I made a thing! A blinky thing.I found a little baggie containing four Adafruit through-hole NeoPixels in my tool bag. They’re big, fat, addressable RGB LEDs. I need some more blinky lights in my life - I think I’ve been watching too many YouTube videos from Big Clive - so I made up a little lightbox thing to put them in. I don’t have my full shop here in the new apartment, just a bag of tools I brought and various household materials, so the hack factor is high. I think it looks nice, though.

The four LEDs are mounted into a bit of plastic cut from an old hotel room key. I should have taken a photo of the back - the 5V and ground lines are tied together by bending the legs together and soldering, and the data ins and outs are chained together. Here’s the front, though.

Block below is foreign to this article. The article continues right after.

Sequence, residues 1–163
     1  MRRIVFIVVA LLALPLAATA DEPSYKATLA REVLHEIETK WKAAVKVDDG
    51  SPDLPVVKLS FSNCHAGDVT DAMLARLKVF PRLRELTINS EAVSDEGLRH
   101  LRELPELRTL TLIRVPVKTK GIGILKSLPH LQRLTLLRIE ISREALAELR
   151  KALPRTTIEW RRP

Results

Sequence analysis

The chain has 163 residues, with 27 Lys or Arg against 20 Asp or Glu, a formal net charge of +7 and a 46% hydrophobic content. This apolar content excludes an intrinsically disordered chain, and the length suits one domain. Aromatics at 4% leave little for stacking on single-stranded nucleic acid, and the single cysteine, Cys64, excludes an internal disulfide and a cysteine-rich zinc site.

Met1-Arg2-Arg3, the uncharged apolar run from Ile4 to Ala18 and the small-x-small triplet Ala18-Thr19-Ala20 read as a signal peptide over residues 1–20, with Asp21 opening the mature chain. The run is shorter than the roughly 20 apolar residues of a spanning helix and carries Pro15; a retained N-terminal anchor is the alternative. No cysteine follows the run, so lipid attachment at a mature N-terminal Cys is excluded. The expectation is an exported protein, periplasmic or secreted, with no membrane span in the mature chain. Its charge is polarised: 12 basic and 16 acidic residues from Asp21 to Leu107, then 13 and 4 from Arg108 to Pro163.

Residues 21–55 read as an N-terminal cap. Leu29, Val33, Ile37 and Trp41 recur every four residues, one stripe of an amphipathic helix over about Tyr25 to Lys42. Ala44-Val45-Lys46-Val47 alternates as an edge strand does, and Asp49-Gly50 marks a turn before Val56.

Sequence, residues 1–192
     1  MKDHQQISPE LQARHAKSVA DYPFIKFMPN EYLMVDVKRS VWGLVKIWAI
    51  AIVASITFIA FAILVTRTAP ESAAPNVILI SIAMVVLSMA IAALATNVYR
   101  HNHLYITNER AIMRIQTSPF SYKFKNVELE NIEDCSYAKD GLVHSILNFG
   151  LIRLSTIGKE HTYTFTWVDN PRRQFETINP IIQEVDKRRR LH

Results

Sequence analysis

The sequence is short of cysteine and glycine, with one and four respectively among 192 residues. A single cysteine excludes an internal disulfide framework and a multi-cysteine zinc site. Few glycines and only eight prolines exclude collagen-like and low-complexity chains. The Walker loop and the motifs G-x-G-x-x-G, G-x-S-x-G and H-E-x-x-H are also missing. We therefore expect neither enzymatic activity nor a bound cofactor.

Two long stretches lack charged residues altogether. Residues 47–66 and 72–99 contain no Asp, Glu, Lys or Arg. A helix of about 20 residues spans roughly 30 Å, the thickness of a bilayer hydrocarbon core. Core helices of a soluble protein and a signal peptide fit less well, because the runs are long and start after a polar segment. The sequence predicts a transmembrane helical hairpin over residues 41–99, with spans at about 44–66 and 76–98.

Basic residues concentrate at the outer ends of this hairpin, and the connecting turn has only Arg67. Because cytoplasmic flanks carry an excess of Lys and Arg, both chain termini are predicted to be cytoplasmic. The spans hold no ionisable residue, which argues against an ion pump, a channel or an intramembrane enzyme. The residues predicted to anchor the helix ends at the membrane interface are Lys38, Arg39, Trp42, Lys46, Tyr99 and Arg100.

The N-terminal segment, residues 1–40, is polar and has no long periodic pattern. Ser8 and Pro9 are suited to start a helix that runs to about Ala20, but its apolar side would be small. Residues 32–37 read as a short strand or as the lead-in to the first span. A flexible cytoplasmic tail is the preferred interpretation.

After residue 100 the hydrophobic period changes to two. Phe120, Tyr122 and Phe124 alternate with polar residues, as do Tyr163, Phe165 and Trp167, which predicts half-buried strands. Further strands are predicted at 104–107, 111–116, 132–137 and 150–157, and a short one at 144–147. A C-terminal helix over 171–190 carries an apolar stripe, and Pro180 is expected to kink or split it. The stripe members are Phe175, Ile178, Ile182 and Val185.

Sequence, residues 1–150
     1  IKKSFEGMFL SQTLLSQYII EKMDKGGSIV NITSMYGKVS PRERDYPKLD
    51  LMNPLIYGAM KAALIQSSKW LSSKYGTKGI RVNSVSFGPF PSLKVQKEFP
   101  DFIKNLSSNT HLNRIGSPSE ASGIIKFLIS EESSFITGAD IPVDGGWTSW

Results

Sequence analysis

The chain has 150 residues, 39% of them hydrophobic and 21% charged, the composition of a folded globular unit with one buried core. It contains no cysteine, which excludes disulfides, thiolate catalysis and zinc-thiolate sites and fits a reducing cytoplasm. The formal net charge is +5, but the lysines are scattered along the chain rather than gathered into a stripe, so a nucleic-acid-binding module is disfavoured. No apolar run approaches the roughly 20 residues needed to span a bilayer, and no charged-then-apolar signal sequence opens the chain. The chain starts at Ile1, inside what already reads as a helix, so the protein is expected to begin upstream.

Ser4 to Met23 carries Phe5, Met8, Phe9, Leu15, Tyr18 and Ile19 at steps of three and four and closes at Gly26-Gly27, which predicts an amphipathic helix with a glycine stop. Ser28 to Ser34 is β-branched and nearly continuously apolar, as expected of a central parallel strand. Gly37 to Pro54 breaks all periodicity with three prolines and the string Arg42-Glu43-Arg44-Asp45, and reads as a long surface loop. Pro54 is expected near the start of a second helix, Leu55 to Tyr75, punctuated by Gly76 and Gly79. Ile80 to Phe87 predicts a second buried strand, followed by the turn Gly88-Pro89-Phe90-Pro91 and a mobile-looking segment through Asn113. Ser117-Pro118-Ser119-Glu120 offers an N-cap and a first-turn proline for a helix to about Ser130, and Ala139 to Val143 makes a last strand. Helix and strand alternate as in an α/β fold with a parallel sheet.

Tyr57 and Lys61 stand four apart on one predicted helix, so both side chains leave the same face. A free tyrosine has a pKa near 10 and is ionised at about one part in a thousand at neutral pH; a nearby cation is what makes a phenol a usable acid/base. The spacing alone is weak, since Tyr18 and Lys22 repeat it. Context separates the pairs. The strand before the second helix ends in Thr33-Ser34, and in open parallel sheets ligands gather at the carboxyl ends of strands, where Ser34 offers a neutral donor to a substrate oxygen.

Mounting for NeoPixels

There’s also a little 1N4001 diode visible there - I’m using that to drop the input voltage to the Neopixels down to three-ish volts, so I can talk to them without a level shifter. I’m powering them from the +5V rail on the Pi - there’s only four pixels, so it should be okay, current-wise.

I’m using a rectangular section cut out of a Moo card box as the enclosure! Why not. I also made an insert from a business card to act as a divider between the four lights. That way you get four distinct colors, without mixing.

Enclosure and light divider

As a diffuser, I’m using a bit of milky plastic cut from… a milk carton. Recycling! To hide the cut edges, I snipped some segments from black zip-ties and glued them to the front to make a bezel and dividers. It looks pretty okay, considering. Another section cut from the box acts as a kickstand, tilting the lights up to the viewer.

Diffuser and bezel

I followed Adafruit’s NeoPixels on Raspberry Pi tutorial to set up the required software goodies. All pretty easy peasy.

And here’s how it looks running! The colors are super nice and saturated, more so than they come through in the video.

A video posted by John Riney (@rin3y) on

So, yeah, not bad for a few minutes work, using minimal tools. Ooh, pretty lights.